Updated on October 27, 2023
Large language models like ChatGPT(OpenAI), Bard(Google), Claude(Anthropic), and LLaMA(Meta) have seen a significant rise in its usage across different industries. One can easily ask these chatbots to write code for a mobile app or help summarise a 1,000 pages book in seconds. But healthcare is a very complex industry. Healthcare providers are still considering this new technology before rolling it out to the public as any incorrect and unsupervised response might affect a patient in the wrong way.
Kommunicate invited mental health advocates Subbu Parameswaran and Gayatri Natarajan, co-founders of Amiga, to get their perspectives on the growing use of Generative AI and LLM (Large Language Models) in healthcare. Amiga is a conversational AI-powered mobile app that helps parents better understand their children’s behaviour. The session was joined by Kommunicate‘s CEO and Co-Founder Devashish Mamgain to bring in a technology expert’s perspective on using conversational AI in healthcare. To watch the entire session, click here.
Here’s a summary of the entire conversation –
What are your thoughts on the state of AI in healthcare today?
Subbu began by stating that this new conversational AI technology is going to change humanity for good. The public’s perception of AI changed drastically after November 2022, when OpenAI made ChatGPT available for everyone. People started feeling the power of artificial intelligence, which they took for granted before.
“Chatbots powered by conversational AI have come a long way since their inception when the bot was only rule-based. Chatbots were used only as FAQ bots. Now with OpenAI’s large language model, not only the chatbot answers FAQs, it can get our work done faster and more efficiently. If promoted correctly, you can create an app with ChatGPT’s help. Or, you can get a summary of a long research paper in a very consumable manner that is easy for everyone to understand.”, said Devashish.
We asked Gayatri and Subbu how they came up with the idea of using conversational AI to solve parenting.
“We wanted to make parenting accessible‘. Subbu elaborated that they wanted to give parents an app that is available 24/7. He said that mental health is a serious problem, and people are shy about it. He also noted that people mistake mental health for mental disorders.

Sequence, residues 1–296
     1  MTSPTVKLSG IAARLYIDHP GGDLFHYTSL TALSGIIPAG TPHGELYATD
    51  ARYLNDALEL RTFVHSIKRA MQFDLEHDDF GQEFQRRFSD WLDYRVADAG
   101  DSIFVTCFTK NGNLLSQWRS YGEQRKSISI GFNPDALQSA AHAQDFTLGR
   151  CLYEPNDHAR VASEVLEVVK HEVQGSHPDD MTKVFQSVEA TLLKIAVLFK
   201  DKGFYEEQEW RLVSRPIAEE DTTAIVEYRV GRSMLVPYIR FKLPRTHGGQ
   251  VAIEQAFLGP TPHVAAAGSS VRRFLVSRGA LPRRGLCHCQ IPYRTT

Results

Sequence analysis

Adding on top, Gayatri mentioned that most parents avoid seeking mental health help. They don’t want to portray the picture that their child is going through a phase. These parents needed privacy and the unbiased and judgement-free partner that Amiga is. An app that converses with parents just like any therapist will do. The only difference, it is available 24/7 and budget-friendly.
Parents across different geographies have unique ways of parenting. How does Amiga fit in there?
While handling children might differ across countries, the child’s behaviour will stay the same. And only because their parenting is not working, they come to Amiga to try a new way of handling these issues.
Cultural context is essential to solve this problem. We have built the app keeping the Indian-Asian parenting style in mind. Our idea is to enhance the bot further so that it identifies where the user is logging in from, and based on his location, the bot starts conversing in the manner of that specific geolocation.
Where else do you see healthcare businesses using Conversational AI?
Conversational AI helps hospitals and clinics schedule appointments, remind patients to take medication, or deliver reports on messaging platforms. Hospital managements are now getting real-time patient journey feedback by gaining true feedback on channels like WhatsApp and SMS. Pharmaceutical and biotech companies use large language models to summarise research papers that are easier to consume. Staff are using AI to get real-time answers to complex cases for immediate action.